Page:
This is one I’m weak on, but it’s something that concerns me from time to time —and I do pray about this enterprise. These are words, and they’re powerful things. They will get indexed by the Googles and the Wayback Machines of the Web and they will certainly outlast me.

    Beyond the matter of whether these words will be my personal albatross in years to come, they also have the power to lighten someone’s load through laughter, turn their thoughts toward God, give comfort, make readers angry, sad, enlightened, or bored.

    This is important stuff, and it pays to write with your Father’s blessing.

  • Never diminish the task.

    That thing I mentioned earlier about having only 80-plus subscribers to my feed right now? Well, guess what? That’s not much smaller than the average church in North America. It’s a very large small-group, or a good-sized Sunday School class. It’s a real group of people that, if I were to stand in front of and give a lecture or a sermon, I’d prepare for that talk as if my life depended on it.

    And that’s the attitude I try to carry into all of my blog posts. I try to respect you, the audience I do have (even if twelve are my own feed readers!), and I try to give you the same honor you are giving me by reading my words.
    Really, I try not to waste your time, but if you don’t like what I have to offer and decide to go elsewhere, I’m happy for you. Time is a precious resource and you can’t pay attention to everything.

    So, for the few who are paying attention here, I thank you, and I pray that God blesses you, and I pray that he continues to help me as I plod along on this blog journey. It’s been a blast, a great learning experience, and I hope it hasn’t been too painful.



[tags]anniversary, blog-strategies, blogging, blogging-lessons, BlogRodent, charismatic, lessons-learned, pentecostal, retrospective, top-10, top-ten, top-ten-lessons, top-ten-list, top-ten-posts, top10[/tags]

8 thoughts on “BlogRodent turns one: top 10 posts, plus top ten lessons.

  1. Jim

    Good to have you back! I left the link on my sidebar, hoping nothing drastic had happened. Glad I did…..

  2. Dave Godzwa


    I was begining to wonder where you had gone. I’m glad to see that you haven’t given up. In fact, it seems as though you have give some pretty serious thought to the whole blog enterprise. It’s good to have your critical, yet might I say balanced voice in the blogsphere.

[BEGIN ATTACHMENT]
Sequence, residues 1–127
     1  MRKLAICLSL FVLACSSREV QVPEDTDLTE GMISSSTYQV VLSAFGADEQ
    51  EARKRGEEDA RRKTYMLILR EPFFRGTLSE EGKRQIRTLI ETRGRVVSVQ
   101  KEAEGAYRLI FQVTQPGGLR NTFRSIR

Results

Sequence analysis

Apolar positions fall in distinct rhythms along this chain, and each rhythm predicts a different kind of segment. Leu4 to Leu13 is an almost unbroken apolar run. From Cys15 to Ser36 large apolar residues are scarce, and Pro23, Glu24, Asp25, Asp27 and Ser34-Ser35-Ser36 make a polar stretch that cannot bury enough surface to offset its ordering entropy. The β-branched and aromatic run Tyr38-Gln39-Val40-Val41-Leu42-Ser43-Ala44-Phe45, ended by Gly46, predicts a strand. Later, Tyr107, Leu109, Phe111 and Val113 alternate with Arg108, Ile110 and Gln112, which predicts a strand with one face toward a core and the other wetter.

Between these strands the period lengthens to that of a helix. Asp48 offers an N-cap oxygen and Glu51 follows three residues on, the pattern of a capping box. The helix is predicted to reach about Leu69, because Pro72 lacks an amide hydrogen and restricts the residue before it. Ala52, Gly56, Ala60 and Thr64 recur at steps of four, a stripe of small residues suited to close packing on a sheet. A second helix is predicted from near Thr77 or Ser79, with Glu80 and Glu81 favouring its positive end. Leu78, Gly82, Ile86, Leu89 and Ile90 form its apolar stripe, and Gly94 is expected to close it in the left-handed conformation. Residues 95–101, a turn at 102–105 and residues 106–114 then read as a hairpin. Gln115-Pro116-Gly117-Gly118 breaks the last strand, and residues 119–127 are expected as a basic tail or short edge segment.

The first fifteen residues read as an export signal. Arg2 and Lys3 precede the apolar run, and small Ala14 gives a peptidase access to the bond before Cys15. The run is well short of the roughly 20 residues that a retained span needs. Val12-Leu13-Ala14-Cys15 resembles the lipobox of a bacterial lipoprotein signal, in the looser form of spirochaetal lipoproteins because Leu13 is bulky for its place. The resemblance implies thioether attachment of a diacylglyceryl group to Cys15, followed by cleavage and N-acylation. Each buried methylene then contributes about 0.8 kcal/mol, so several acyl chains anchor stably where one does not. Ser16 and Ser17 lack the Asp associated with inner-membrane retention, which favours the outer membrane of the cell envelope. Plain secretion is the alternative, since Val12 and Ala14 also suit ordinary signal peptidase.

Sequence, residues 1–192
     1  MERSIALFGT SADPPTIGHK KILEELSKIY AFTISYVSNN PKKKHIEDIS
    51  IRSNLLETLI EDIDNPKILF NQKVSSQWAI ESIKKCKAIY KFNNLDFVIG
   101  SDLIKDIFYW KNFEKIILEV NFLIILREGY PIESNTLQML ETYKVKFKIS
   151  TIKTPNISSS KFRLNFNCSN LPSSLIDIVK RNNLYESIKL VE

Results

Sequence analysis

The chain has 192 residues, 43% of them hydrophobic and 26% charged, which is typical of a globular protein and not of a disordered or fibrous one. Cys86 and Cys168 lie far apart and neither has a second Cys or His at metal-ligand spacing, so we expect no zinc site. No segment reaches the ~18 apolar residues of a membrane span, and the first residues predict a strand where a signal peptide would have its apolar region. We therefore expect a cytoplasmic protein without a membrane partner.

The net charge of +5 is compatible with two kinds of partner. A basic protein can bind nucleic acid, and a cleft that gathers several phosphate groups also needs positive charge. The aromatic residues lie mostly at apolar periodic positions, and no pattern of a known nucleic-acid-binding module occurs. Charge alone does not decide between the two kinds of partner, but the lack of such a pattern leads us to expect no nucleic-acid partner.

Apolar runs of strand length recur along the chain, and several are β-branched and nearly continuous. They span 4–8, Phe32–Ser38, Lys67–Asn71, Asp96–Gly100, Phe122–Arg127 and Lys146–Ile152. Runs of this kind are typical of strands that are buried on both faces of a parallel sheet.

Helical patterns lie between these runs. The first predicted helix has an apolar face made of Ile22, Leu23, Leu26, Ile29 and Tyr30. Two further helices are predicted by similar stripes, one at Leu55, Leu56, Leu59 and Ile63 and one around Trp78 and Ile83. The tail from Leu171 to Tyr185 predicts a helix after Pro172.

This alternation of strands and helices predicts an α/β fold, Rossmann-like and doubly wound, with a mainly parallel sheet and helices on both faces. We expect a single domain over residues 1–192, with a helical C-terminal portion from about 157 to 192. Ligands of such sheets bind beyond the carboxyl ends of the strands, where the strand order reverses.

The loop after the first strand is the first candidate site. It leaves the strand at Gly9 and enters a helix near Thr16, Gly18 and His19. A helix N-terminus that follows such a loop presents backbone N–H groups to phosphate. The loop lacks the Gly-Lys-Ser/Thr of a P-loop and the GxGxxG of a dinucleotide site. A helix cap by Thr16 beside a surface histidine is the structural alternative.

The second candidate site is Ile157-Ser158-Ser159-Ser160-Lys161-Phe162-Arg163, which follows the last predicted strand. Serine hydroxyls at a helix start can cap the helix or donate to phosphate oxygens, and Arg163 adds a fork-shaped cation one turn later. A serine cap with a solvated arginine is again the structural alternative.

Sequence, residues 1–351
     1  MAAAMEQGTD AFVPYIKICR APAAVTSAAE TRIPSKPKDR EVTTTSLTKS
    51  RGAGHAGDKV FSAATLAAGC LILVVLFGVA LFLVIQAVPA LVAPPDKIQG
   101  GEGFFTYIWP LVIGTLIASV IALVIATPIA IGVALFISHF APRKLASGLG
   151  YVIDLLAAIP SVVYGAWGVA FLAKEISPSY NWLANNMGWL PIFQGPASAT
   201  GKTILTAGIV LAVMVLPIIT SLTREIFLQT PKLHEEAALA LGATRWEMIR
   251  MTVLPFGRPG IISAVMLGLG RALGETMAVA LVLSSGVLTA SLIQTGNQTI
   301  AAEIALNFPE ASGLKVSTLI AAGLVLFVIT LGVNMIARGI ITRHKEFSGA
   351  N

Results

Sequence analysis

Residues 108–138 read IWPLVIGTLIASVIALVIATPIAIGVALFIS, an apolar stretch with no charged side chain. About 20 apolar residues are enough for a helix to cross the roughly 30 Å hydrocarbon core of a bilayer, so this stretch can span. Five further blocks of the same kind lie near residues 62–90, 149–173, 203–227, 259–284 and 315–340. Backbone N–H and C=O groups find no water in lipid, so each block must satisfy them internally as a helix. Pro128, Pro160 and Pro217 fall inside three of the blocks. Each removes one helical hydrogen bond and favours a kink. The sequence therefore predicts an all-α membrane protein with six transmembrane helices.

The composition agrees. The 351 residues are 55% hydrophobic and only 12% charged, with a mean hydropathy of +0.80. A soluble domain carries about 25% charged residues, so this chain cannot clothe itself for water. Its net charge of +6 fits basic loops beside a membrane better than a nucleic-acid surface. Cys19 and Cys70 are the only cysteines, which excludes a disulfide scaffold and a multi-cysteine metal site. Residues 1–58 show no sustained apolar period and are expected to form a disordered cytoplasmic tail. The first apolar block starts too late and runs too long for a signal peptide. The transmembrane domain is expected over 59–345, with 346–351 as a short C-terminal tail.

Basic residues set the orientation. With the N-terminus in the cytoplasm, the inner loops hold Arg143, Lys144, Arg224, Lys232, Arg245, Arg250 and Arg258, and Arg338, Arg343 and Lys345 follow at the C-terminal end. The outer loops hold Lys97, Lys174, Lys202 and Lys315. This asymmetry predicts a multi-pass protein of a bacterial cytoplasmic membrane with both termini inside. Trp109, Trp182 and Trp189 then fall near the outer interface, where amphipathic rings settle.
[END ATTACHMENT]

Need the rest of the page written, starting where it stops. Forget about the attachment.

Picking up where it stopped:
I find that I struggle at times finding exactly what I need to post about. At times the events of the mission field are exciting and the interactions are worthy of space on my blog. Other times, it’s just as mundane as any other routine, except that it takes place in Costa Rica or, as we leave here in a few weeks, in Mexico. Thanks for giving me some food for thought in this post. And, if you ever have time for some constructive criticism, I’m all ears!


  3. Marc V

    Happy blogiversary!

    I’ve been coming by a little less frequently, but glad to see now that you’re sitting up and taking nourishment (and typing out a post).

    Thanks for the links for things to do in the Chicago area. As is usually the case, I headed back home down the tri-state thinking “Where did the time go?”, and never got the chance to check other stuff out.

  4. Don Kammer

    Rich…welcome back. I wondered if you had fallen into some rat hole…I mean rodent pit, pitfall…. Simplicity and access, that should do the trick when it comes to your blog. How do you find the time…?

  5. Common Swift

    Justin Berry and thing’s going awry seem to stick out alot. Have Mr. Berry going awry and you’ll have your biggest post yet.

  6. Rich Post author

    Hi, Don. I generally don’t find the time! That’s why there’ve been a couple looong quiet spells on the blog. I prefer to research posts and write “articles” rather than do “off-the-cuff” entries. But that does take a lot of time. If you’ll notice, many of my blog posts occur in the small hours of the morning!

    Now, if I could just get this thing to generate about $1,000 a week I could quit my day-job and blog full-time. That would be fun. (Or maybe Bill Gates would join my church and send some largesse my way!) There are so many other ideas I have and things I’d like to do. For example, I keep thinking of podcasting ideas I’d love to try out, and people I’d love to interview that I think you guys would find interesting. But, to do that, I need a lot of time and more hardware.

    That’s not happening, so developments are slow.

    Marc, thanks for the kind words. Sorry we didn’t get to hook up while you were Chicago-side. But your time with family was far more important, and I was busy editing video anyhow.

    Common Swift, you’re right! If I could just find something humorous to write about Justin Berry I’d have it made! Unfortunately, there’s far more drama than comedy in Berry’s life right now, and for the foreseeable future. Hope things lighten up for him soon, though.